More than 27,000 Tasmanians have lost their jobs with the unemployment rate estimated to be 12 per cent due to the coronavirus, Premier Peter Gutwein has said.
But the Premier was at pains to point out that the state's coronavirus efforts were about saving lives, rather than money.
He discussed the economic impact of the pandemic during Tuesday morning's briefing.
The government will provide an economic and fiscal update on Friday, including a forecast for the current and upcoming financial years.
The unemployment rate and job loss figures were estimates for the end of the June quarter.
Mr Gutwein said the state's net debt could be $2 billion by the end of the 2020/21 financial year, and estimated a deficit this financial year "significantly north" of half a billion dollars.
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He said the reduction in GST revenue had been "massive".
"It will be a significant impact and will be something that we will have to work through sensibly and responsibly to ensure that we can rebuild our economy and our state's finances," Mr Gutwein said.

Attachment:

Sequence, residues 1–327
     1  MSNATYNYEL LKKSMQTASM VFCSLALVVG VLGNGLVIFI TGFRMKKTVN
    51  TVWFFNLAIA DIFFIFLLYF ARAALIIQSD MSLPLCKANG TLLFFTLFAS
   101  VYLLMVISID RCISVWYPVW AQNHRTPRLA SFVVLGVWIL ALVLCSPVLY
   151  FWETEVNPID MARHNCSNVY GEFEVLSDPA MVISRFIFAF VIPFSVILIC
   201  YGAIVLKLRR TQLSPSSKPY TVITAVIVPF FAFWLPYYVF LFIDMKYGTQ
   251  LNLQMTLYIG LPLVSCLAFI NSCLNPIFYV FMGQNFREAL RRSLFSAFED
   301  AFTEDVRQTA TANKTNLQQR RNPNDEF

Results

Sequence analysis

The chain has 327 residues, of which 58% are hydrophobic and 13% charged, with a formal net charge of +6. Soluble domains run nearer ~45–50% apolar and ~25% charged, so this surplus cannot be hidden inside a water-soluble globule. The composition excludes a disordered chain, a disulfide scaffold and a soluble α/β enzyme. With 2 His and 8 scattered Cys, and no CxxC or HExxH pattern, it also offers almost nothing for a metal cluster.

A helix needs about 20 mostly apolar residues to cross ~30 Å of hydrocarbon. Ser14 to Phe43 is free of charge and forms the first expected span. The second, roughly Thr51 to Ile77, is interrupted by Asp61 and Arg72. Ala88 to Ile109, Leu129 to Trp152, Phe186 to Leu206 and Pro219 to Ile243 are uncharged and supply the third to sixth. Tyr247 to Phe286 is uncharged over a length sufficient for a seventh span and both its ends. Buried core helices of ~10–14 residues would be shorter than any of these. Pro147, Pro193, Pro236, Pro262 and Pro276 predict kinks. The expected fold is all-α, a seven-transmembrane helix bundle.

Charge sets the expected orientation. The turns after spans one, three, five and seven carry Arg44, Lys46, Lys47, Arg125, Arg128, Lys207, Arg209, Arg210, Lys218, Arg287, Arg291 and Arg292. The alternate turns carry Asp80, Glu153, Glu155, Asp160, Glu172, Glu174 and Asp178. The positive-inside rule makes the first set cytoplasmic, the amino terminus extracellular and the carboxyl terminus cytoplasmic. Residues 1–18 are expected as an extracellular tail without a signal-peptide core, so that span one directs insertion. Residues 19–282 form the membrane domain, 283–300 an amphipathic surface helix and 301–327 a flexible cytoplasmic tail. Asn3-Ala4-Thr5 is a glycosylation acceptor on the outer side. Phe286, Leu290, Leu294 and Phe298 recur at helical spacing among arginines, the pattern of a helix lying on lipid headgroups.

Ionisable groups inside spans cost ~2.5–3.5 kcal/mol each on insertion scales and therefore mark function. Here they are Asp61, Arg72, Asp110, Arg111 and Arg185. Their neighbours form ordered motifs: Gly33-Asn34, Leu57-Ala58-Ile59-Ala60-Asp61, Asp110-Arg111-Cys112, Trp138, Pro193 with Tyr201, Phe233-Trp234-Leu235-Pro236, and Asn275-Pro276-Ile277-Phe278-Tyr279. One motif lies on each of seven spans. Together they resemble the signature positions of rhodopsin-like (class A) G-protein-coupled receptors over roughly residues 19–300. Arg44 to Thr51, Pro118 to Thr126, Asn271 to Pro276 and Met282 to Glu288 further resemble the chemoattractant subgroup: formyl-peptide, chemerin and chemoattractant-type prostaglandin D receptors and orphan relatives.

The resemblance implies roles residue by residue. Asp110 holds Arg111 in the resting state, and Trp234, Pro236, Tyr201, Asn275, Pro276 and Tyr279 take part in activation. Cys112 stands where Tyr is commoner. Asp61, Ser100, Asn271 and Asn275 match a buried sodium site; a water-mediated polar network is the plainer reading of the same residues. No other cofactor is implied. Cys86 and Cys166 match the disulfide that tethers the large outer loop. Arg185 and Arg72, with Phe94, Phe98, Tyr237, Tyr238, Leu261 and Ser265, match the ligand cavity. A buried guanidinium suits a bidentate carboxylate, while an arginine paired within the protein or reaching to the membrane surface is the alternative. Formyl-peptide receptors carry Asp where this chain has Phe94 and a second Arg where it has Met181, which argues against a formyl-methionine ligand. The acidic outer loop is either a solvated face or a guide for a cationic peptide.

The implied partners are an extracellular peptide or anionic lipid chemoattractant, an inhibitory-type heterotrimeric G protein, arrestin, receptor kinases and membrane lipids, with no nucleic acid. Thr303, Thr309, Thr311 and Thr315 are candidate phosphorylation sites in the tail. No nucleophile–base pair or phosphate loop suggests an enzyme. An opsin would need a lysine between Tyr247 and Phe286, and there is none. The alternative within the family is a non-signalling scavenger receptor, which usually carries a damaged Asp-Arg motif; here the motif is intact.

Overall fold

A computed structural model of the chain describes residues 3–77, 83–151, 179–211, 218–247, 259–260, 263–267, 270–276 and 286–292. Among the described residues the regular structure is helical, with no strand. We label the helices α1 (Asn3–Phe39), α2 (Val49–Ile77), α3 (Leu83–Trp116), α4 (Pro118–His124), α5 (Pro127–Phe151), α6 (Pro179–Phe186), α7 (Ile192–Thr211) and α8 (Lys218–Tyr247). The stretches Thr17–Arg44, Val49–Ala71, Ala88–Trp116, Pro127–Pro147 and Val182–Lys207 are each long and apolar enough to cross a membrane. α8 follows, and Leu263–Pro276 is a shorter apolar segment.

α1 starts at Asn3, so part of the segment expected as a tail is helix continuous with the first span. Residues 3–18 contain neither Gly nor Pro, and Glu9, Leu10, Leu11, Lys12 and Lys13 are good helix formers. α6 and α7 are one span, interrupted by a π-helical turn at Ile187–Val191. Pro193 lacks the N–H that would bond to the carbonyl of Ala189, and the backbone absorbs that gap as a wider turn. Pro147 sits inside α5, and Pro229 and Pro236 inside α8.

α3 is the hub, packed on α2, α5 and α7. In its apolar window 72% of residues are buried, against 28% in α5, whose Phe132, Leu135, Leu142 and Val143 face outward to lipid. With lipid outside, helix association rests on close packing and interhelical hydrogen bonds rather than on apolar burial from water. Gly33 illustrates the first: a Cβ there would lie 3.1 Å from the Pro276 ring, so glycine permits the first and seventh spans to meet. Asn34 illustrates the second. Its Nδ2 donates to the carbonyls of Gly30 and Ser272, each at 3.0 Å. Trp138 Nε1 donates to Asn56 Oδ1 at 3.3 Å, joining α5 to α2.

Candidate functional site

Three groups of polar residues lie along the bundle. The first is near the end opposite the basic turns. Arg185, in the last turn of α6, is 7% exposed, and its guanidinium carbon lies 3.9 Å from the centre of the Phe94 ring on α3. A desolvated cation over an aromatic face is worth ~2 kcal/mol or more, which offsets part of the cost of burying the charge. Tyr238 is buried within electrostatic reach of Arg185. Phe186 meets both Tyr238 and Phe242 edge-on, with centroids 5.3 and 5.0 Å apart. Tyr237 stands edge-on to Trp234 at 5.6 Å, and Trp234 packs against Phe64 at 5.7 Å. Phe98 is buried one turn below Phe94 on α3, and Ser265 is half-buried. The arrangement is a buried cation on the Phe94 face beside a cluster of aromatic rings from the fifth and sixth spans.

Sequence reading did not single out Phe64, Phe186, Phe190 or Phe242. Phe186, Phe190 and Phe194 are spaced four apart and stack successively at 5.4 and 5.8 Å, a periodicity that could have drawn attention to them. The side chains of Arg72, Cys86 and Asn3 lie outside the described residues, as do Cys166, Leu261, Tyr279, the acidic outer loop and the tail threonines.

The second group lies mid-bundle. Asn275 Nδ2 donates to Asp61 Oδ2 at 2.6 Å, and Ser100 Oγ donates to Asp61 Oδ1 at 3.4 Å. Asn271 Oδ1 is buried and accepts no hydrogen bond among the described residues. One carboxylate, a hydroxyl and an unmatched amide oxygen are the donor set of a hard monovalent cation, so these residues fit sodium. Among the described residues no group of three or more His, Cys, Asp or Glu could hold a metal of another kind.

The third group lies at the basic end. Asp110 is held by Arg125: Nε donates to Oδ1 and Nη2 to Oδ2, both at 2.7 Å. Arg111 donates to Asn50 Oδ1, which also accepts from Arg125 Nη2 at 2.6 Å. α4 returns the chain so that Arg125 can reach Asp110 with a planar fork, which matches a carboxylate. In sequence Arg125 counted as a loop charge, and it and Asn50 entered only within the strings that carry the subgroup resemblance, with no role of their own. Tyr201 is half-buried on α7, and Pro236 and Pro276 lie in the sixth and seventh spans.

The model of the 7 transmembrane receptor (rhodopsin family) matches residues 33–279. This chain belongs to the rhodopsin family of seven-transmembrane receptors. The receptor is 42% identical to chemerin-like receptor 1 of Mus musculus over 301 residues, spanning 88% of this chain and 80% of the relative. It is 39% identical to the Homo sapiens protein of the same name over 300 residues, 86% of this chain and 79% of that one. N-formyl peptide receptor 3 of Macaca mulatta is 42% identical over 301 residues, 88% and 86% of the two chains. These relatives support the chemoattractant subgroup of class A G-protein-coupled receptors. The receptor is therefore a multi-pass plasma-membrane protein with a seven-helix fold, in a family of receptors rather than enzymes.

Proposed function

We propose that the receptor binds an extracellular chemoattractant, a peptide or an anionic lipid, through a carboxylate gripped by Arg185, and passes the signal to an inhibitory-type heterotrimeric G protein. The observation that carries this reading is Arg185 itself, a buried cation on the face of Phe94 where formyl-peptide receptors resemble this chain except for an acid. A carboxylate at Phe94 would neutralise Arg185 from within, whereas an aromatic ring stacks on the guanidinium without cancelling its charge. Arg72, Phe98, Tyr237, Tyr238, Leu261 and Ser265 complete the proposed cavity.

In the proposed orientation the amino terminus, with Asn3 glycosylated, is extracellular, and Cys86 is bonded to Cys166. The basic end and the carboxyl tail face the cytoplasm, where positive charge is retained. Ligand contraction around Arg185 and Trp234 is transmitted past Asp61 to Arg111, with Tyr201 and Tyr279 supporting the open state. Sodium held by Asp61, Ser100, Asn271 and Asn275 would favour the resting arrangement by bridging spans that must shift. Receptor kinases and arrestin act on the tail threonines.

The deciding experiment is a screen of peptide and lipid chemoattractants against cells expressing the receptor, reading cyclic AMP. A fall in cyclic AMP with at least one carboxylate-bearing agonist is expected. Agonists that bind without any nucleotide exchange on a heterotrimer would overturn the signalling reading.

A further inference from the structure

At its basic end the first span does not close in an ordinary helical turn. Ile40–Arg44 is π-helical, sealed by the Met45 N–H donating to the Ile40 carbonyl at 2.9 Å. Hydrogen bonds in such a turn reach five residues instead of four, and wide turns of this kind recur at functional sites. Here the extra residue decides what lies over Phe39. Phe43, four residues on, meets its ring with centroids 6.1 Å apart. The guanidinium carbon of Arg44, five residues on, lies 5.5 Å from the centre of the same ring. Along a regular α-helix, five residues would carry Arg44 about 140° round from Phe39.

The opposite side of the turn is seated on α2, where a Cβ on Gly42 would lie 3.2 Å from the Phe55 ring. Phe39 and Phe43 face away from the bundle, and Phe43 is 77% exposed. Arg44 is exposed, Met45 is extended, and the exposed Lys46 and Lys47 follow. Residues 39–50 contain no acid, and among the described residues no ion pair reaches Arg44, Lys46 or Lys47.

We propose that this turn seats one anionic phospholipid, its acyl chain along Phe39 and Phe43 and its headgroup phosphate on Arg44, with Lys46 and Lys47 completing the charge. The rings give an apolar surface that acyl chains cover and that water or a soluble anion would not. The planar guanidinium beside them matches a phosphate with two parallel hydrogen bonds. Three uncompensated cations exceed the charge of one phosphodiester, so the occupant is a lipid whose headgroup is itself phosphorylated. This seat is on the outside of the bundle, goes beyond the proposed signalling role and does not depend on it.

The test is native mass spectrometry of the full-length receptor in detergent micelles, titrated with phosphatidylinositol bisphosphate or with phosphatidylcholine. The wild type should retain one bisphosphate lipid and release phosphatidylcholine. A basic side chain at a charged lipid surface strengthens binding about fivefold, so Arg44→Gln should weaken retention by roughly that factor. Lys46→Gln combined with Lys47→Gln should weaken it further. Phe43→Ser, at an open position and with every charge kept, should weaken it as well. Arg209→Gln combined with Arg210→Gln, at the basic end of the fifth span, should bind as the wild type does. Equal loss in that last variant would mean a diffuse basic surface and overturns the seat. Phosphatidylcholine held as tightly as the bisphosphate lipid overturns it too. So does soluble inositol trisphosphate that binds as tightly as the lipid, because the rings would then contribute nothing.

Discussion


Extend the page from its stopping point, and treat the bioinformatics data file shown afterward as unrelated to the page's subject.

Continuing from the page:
"Our fight against the coronavirus has not been about money. Our fight has been to save people's lives, and that will continue to be at the forefront of our thinking as we work through this.
"Right now we need to focus on keeping Tasmanians safe."
It remained unclear how much effect the partial easing of restrictions in the coming months could have on the state's economic outlook.
Mr Gutwein said "growing the economy" would be the best way to address the debt issue.
He acknowledged that the 10 person limit for restaurants, cafes, pubs and clubs might not suit all businesses, but he expected that it would provide some relief to the hospitality industry.
"We do not want to have a second wave, and no business would want to recapitalise only to be shut down at a later date," Mr Gutwein said.
He pointed out other countries that had eased restrictions, only to see a second wave.
Racing industry in talks to make a comeback
The government has received strong criticism from the racing industry over the shutdown, which was not in line with other states and territories.
Industry figures will meet with public health officials today, with a view to restarting trials on June 13.
Mr Gutwein said the purpose of the racing shutdown was to protect regional communities.
"The nature of the industry would bring people together at one location and then disperse them back into the regions," he said.
Tasmania has gone four days without a new coronavirus case, with 227 people tested on Monday.
Health Minister Sarah Courtney said this was not enough testing, and she wanted to see more Tasmanians tested. Anyone with respiratory conditions are urged to arrange a test via referral.